Massage & Bodywork

JULY | AUGUST 2019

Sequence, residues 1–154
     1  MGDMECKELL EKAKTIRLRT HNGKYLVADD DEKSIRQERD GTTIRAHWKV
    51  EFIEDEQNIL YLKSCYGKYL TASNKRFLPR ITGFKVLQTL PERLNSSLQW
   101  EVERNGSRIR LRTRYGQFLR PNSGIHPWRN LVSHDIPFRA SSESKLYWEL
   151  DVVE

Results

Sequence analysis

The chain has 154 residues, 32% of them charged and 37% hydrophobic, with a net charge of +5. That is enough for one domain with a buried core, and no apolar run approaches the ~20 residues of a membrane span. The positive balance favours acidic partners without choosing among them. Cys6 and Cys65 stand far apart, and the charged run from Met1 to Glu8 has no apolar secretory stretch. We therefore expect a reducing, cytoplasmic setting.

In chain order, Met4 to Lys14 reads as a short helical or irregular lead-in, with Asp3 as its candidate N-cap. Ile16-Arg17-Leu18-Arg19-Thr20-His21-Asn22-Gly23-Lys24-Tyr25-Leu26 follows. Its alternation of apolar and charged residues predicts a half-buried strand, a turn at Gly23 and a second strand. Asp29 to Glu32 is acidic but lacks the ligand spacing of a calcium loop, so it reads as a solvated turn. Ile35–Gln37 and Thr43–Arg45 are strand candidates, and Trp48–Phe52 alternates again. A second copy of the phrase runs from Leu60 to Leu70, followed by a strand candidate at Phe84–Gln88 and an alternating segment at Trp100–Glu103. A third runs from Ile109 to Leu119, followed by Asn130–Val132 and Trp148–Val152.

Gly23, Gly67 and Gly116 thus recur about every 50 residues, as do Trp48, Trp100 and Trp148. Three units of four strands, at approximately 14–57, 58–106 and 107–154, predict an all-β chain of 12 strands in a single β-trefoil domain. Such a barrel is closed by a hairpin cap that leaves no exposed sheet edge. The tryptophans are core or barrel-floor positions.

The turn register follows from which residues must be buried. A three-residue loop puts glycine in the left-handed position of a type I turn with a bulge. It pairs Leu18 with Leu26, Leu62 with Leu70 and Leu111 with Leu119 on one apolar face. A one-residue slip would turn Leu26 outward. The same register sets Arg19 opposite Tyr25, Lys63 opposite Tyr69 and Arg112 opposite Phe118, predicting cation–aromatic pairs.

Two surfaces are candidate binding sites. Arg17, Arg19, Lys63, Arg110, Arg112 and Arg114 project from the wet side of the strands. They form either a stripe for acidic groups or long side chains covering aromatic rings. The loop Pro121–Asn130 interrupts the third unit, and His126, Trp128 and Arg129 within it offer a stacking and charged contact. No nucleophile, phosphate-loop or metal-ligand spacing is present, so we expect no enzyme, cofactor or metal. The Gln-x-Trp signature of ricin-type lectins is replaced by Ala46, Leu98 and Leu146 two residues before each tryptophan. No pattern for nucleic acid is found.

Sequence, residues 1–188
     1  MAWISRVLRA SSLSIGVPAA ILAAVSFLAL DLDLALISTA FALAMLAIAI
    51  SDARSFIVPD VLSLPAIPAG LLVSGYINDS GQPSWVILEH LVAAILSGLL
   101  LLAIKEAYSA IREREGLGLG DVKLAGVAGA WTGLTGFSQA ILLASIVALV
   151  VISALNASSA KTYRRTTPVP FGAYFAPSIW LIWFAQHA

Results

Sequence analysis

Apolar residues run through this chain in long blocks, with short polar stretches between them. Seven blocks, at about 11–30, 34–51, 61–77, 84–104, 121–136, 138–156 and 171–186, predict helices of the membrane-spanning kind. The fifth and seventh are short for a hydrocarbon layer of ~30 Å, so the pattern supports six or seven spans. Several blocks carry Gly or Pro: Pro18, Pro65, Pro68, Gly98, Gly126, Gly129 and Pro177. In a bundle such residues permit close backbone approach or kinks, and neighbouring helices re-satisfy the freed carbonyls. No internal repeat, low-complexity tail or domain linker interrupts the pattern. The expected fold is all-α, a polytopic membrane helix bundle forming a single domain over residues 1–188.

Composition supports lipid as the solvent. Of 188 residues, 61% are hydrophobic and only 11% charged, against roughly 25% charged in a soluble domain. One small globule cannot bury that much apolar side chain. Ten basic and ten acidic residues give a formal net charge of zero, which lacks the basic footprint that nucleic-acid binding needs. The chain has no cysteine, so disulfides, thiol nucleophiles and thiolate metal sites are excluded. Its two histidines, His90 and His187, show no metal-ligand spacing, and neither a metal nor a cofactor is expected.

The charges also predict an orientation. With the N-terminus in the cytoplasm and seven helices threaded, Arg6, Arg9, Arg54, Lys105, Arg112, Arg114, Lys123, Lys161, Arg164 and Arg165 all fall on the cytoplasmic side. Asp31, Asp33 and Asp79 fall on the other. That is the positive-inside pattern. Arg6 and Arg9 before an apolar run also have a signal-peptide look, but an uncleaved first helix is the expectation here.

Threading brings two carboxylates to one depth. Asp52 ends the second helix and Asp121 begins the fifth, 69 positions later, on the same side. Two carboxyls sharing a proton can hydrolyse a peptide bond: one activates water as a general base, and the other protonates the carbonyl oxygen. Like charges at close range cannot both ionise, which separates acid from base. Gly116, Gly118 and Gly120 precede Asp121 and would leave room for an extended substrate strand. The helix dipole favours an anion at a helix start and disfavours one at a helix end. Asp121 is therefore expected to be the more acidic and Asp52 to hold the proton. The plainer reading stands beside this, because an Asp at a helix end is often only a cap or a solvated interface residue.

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36 m a s s a g e & b o d y w o r k j u l y / a u g u s t 2 0 1 9 education PATHOLOGY PERSPECTIVES Mycoses Abounding By Ruth Werner While fungi resemble plants in some ways, they are not capable of photosynthesis—they cannot generate energy from sunlight. Instead, they derive nutrition from their local environment. This might happen simply by living on an organic surface without disrupting it, but some fungi can damage their hosts by destroying and invading vulnerable tissues. Fungi are inescapable. They can colonize virtually any organic surface. They are on (and in) our food, in our soil, suspended in the air, and inside us. They are found on every continent and in every climate. Some are pathogenic and have the potential to cause problems, some are neutral and don't affect us one way or the other, and some are beneficial to us. For instance, we have colonies of yeasts in our gut that help us derive nutritional components from our food, and they compete with and help balance out our resident gut bacteria, viruses, and other microorganisms. The colonies of fungi in the digestive tract are sometimes referred to as our mycobiome (myco- is the Greek word root for fungus). Many fungi in our environment are our friends. We might savor a pan of sautéed mushrooms or enjoy an omelet seasoned with precious truffles. Members of the fungi family ferment our alcohol and kombucha, raise our dough, and make chocolate palatable. And, of course, certain bread molds give rise to penicillin, the first effective antibiotic. Fungi break down biodegradable materials, and many have symbiotic relationships with humans and other animals. But some fungi can decimate food crops and put livestock at risk, so the widespread use of strong fungicides has become commonplace. This may have given rise to some unintended consequences in some fungal microorganisms, which we will revisit shortly. TYPES OF FUNGAL INFECTIONS In the context of massage therapy and bodywork, fungal infections in humans are important in two contexts: (1) skin infections that are potentially contagious and (2) internal infections that indicate a person may be immune-compromised because of a disease or medication. The Centers for Disease Control and Prevention (CDC) created a list of many types of fungal infections they are tracking that affect humans, and each of those may have several subtypes and involve multiple species of fungi. The complete CDC watchlist of fungal infections can be found in the "CDC List of Fungal Infections" sidebar. I have chosen five topics from the CDC list for this discussion: aspergillosis, candidiasis, dermatophytosis, onychomycosis, and Candida auris. Readers may note that the terminology around fungal infections looks complex: the names are long and strongly tied to Greek and Latin word roots. I have explained some of this vocabulary in the video that accompanies this article. Aspergillosis Aspergillosis is an infection of the lungs with any of 160 types of aspergillus fungi, but the most virulent is called Aspergillus flavus. These airborne spores cause no symptoms in most people, but in others they trigger respiratory allergies: coughing, wheezing, and shortness of breath that doesn't respond to typical allergy treatments. And in some patients, especially those with chronic lung diseases (such as sarcoidosis, chronic bronchitis, or emphysema), this kind of infection can Take a deep breath. Congrats, you just inhaled some fungal spores. Depending on your location and the time of year, you might have inhaled a lot of spores. Scientists estimate that about 10 billion of these microscopic organisms enter our respiratory tract each year, and each one has the potential to set up a life-threatening infection in our sinuses, lungs, bloodstream, or even our brain. Yet, somehow, here we all are. And, if our constitutional health is strong, a fungal infection is extremely unlikely to harm us. In this column, we will take a close- up look at fungal infections—also called mycoses—with a special emphasis on skin conditions and on Candida auris, a relatively new player in systemic fungal infections that is changing the way some health-care facilities manage patient care. WHAT ARE FUNGI? In the classifications of living things, fungi are unique: they are neither plant nor animal, but their own full kingdom of organisms. Under the heading of fungi, we find molds, yeasts, lichens, mushrooms, and truffles. Molds and yeasts are typically microscopic, but in the right conditions, colonies can quickly grow to be visible and obvious.

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